At the start of May, Boston Bruins’ left winger Jake DeBrusk was approaching the end of his worst regular season in his four year career and facing pressure from fans, media, and his own head coach to perform better. Speculations were flying around about what went wrong, what his future would look like, and whether he could get back on track in time to contribute to the Bruins’ Stanley Cup push in the playoffs.
“I understand my time will come,” DeBrusk said on May 6th in a media call. “[I’m] just trying to stay positive… It’s just a matter of being ready for your opportunity and doing what you can, because I know I can help this team.”
I wrote recently about DeBrusk’s struggles this year and what it would take to get him back to performing at a high level. The playoffs seemed to be a perfect reset for the winger to put his forgettable 2021 regular season behind him and revitalize his game. However, there was no guarantee that DeBrusk would be able to fulfill these hopes; after all, he had been made a healthy scratch multiple times already with no lasting improvement and getting moved to the fourth line produced only modest results in the final weeks of the season.
Now, with three games of the 2021 playoffs in the books, DeBrusk seems like a whole new player. He has two goals against the Washington Capitals, one that was a sniper shot off of a faceoff and the other that came off a rebound after some hard work in front of the net. The most notable difference is his emotion level; DeBrusk seems to be enjoying the game again, and the return of his enthusiasm and intensity is a very good sign for the Bruins. The positive environment that he helps create both on and off the ice will be important for the resilience and long-term stamina of the team as they hope to go deep into the postseason.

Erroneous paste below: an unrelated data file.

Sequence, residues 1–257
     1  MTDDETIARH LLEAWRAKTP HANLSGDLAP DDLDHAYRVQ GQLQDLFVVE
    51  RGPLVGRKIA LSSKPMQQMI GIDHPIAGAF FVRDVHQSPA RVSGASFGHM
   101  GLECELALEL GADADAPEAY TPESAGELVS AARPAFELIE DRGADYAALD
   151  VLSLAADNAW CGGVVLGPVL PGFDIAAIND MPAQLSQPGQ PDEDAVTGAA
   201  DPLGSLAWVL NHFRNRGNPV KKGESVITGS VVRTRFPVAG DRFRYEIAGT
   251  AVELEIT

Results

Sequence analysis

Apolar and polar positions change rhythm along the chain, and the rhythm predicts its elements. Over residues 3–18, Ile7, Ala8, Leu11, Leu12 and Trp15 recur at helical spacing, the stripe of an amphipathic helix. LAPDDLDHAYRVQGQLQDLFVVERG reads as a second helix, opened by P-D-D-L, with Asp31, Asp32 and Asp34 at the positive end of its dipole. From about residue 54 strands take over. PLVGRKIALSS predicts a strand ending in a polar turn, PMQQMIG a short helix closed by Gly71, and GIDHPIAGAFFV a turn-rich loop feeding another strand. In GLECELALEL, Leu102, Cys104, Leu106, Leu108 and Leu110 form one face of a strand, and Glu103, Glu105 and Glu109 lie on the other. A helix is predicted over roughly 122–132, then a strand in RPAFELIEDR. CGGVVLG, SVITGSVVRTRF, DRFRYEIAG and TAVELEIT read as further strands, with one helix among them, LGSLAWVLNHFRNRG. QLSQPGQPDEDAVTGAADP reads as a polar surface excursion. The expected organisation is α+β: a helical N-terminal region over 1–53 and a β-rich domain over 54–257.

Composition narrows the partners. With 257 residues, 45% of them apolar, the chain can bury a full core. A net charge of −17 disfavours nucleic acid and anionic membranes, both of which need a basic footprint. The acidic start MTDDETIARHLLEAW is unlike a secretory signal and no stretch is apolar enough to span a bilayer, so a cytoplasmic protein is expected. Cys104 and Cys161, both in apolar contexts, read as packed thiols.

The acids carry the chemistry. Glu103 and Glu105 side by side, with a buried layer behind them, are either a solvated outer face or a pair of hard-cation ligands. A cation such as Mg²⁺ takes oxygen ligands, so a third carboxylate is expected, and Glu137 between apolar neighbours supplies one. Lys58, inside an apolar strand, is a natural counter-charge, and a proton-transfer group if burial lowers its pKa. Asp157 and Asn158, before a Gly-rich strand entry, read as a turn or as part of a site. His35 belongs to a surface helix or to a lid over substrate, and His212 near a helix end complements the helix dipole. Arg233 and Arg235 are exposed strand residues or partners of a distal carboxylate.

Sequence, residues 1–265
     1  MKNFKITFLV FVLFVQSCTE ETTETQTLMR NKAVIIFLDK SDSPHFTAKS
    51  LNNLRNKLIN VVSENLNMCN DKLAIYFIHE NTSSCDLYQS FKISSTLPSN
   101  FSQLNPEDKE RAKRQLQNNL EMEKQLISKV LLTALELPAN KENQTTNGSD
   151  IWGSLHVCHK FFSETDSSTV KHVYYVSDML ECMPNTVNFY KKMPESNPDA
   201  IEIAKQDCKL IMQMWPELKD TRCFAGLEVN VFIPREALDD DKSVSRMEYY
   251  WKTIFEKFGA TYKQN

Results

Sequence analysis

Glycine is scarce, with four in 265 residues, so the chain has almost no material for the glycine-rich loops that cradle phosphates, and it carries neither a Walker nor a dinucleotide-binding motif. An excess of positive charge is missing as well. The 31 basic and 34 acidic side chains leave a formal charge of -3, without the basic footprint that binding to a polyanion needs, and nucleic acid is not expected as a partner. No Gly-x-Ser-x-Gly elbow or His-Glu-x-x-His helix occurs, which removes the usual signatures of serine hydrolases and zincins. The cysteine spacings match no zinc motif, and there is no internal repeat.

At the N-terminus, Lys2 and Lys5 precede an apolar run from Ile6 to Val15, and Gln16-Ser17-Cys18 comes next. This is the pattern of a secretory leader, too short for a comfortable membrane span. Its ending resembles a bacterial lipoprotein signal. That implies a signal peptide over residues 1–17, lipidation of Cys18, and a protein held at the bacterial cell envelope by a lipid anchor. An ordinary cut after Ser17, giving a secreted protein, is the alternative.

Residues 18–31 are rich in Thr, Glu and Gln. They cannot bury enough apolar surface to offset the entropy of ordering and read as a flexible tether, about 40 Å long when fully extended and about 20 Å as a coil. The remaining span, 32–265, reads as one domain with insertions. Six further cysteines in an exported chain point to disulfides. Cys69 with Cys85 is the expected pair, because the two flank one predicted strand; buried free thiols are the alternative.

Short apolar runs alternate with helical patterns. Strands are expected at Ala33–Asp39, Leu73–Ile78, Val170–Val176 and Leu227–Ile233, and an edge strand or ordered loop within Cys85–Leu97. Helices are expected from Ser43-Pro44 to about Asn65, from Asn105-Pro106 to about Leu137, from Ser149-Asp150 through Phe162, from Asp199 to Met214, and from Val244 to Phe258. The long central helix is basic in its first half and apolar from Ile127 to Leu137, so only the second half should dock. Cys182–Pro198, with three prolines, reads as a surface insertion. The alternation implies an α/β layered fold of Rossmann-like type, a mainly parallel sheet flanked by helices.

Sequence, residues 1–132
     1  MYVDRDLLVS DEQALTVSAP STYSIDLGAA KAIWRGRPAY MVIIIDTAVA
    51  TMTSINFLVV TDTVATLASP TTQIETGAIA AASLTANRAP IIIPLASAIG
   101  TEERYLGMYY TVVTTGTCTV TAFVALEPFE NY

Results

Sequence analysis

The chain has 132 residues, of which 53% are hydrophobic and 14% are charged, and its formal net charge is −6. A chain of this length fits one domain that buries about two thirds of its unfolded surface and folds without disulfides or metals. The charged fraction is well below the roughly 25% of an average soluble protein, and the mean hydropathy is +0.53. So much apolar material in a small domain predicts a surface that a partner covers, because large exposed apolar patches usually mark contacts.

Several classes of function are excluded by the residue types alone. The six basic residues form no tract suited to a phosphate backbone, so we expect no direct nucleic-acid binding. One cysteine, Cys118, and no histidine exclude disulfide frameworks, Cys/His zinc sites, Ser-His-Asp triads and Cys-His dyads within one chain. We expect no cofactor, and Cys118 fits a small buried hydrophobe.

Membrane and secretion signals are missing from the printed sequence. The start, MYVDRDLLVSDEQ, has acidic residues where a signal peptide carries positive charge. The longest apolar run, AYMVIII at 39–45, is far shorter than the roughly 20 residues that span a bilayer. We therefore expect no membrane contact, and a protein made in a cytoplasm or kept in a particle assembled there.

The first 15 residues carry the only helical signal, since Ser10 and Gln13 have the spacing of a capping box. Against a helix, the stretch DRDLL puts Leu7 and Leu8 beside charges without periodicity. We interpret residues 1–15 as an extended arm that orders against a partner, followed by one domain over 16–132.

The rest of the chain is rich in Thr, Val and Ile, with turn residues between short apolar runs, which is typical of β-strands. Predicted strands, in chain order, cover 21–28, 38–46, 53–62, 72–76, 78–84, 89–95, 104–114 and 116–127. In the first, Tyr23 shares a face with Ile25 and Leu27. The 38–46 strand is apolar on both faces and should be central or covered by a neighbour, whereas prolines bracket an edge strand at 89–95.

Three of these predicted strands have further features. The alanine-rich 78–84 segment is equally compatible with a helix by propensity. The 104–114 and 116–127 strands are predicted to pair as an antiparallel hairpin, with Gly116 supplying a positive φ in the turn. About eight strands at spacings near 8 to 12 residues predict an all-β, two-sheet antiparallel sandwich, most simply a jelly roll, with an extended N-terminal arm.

Rediscovered Playing Identity
In my previous analysis of DeBrusk, I predicted that the root of his struggles was from playing in a role that didn’t match his strengths; his goals come in the highest volume when he is driving to the net and keeping his stick on the ice for tip-ins and rebounds. In a small sample size, we’ve seen him come back to this style of play again, with one of his goals coming from this exact formula. It is hard to say whether this is what caused his energy level to come back or if it was the other way around. Either way, there’s a clear correlation between the two, and we can see that DeBrusk feels like his old self when he is back to a well-fitting playing style.
The opening goal in Game 2: ✔️
— Sportsnet (@Sportsnet) May 17, 2021
The other beneficiary of this newfound energy is his forechecking, something that has historically been a big part of DeBrusk’s game. So far in the playoffs, he has shown tenacity and a puck-hungry mentality while in the offensive zone, which has led to him driving plays rather than having them die on his stick. This is what has made him one of the Bruins’ difference-makers.
One thing I did not expect, however, was the combination of linemates that have facilitated his success. His previous performances on a line with Charlie Coyle and Nick Ritchie were unimpressive and seemed unappealing for a third line during the regular season, but Game 2 and Game 3 showed a different story. The trio was a major factor in the Bruins’ wins, with Coyle and DeBrusk, in particular, finding a rhythm in the offensive zone that included one of DeBrusk’s goals and a nifty assist by the centre. This demonstrates that the 24-year-old has found success independent of his position in the lineup. His flexibility and unwavering intensity, regardless of position, will be a huge asset to the team.